1 egg, whipped with milk to make 2/3 cup liquid
6 tart apples, peeled, sliced (variety mixture works best)
1 cup cornflakes, crushed
1 tsp cinnamon
½ tsp nutmeg

Glaze

1 cup powdered sugar
1 Tbs cream or milk
1 tsp vanilla extract
 
Mix together to make a smooth glaze. 
Should be thin enough to drizzle over the Danish.
This recipe comes from Robbie Bell, local potter and private chef. "My mouth starts watering when I see the apple orchards with open signs in the fall. This means Danish Apple Bars are about to be made. Lots of sweet and tart apples encased in thin pastry and covered in a sugary glaze. The best piece is that first one of the season, still slightly warm with a hot cup of coffee. This pastry takes me back 50 years when my grandmother made them. Now, my mother makes them, and I carry on the tradition." Try Robbie's recipe and start your own tradition.
In a large bowl, combine the flour and salt. Whisk the flour and salt together. Cut in the shortening with a fork/pastry blender until they resemble small peas. In a liquid measuring cup, add enough milk to the whipped egg to measure 2/3 cup. Add liquid into flour. Bring it together with your hands (clean of course). Pour onto your floured countertop and knead a few turns to make a smooth dough. Divide in half and refrigerate while preparing apples. Preheat oven to 375°. Roll out first half of the dough to fit into a heavy cookie sheet. Allow for overhang. Spread crushed cornflakes to ½ inch of the edges. Arrange the apples over the cornflakes. Sprinkle with sugar, cinnamon and nutmeg. Roll out the second half of pastry and fit on top. Seal the edges by rolling the edges to the apples. To make a golden brown crust, brush the pastry with an additional egg yolk. Bake for 50-60 minutes. Remove from oven and pour the glaze while the Danish is warm.

Pumpkin Apple Pie

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Try a different fruit in your dessert for the holidays. This recipe is courtesy of Nancy Fuller and the Food Network. She suggests using Gala and Mcintosh apples,  but any variety of sweet/sweet-tart, firm apples should do well. Create a delectable alternative to the traditional pumpkin pie.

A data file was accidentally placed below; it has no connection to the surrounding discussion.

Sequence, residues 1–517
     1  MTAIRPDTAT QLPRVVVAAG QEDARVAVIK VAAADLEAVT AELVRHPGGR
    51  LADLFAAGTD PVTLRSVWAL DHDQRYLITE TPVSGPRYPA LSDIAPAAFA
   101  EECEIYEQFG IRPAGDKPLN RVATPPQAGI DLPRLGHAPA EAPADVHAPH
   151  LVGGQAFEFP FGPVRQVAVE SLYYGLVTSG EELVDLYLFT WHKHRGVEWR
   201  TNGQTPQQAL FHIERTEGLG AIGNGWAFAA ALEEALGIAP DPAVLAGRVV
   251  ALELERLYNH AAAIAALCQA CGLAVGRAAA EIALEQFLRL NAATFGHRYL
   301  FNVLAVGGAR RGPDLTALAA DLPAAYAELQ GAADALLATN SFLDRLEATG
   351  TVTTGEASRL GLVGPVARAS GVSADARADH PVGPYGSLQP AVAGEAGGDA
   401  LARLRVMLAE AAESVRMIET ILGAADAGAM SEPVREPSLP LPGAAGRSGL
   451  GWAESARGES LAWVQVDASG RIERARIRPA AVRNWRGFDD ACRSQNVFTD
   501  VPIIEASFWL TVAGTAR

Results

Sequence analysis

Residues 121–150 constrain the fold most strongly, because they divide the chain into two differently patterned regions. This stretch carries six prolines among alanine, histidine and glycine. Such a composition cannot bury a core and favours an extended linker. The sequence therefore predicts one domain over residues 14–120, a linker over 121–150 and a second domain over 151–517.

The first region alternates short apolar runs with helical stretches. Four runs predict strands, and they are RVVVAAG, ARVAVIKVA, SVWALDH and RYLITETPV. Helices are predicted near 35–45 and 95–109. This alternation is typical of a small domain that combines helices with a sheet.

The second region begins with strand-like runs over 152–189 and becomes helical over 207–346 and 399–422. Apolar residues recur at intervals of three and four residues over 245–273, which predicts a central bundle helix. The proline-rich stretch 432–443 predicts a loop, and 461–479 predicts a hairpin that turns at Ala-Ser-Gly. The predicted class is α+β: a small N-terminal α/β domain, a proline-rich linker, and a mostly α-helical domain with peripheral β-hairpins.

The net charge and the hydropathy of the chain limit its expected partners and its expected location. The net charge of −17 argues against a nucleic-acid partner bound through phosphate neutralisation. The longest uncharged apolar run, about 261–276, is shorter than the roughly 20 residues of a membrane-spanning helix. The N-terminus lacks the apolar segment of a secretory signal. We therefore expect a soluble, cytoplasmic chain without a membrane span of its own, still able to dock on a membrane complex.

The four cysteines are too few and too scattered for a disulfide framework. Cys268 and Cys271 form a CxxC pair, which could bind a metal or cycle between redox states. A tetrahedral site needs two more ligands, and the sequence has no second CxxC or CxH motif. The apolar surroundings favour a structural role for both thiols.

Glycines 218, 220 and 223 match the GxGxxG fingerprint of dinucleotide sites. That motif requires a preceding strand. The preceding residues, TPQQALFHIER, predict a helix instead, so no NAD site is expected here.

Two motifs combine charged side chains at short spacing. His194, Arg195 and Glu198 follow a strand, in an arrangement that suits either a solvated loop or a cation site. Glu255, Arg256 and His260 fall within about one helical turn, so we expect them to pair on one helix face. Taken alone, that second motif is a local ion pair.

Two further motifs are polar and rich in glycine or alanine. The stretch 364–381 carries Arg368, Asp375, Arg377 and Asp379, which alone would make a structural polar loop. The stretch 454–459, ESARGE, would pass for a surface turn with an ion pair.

One 9" deep-dish pie shell, unbaked (homemade or store bought)
2 Tbsp unsalted butter
2 apples, diced into ½" cubes (Gala preferred–any will firm apples will do)
1 apple, diced into ½" cubes (McIntosh preferred)
1 tsp ground nutmeg
½ tsp ground cinnamon
½ tsp ground ginger
1/8 tsp ground cloves
salt to taste
One 15-ounce can pumpkiin puree
½ cup granulated sugar
¼ cup dark brown sugar
One 12-ounce can evaporated milk
2 eggs
Whipped cream (optional)

Preheat oven to 375° and place a rack in the center of the oven. Fit the pie dough into a 9" deep pie plate; trim and crimp edges of the dough, and refrigerate until ready. (If using store bought, just refrigerate.) In a medium skillet on medium heat, melt butter, then toss in the diced apples, ½ tsp of nutmeg, cinnamon, ginger; add cloves, and a pinch of salt. Cook until the apples begin to soften (8 to 10 minutes), then remove from heat and set aside to slightly cool. In a bowl, add th pumpkin puree and whisk in the granulated and brown sugars, evaporated milk, eggs, and a pinch of salt.
Remove the pie plate from the refrigerator, and fill the bottom with the sauteed apple mixture. pour the pumpkin filling over the top an sprinkle with the remaining ½ tsp nutmeg. Bake until pumpkin is set, approximately 75 to 90 minutes. Cool, then slice and top with whipped cream.

* Sending in a recipe does not guarantee inclusion. Submissions must include a suitable image of the finished apple delight, and copy subject to editing for space and clarity. Got a question, please email.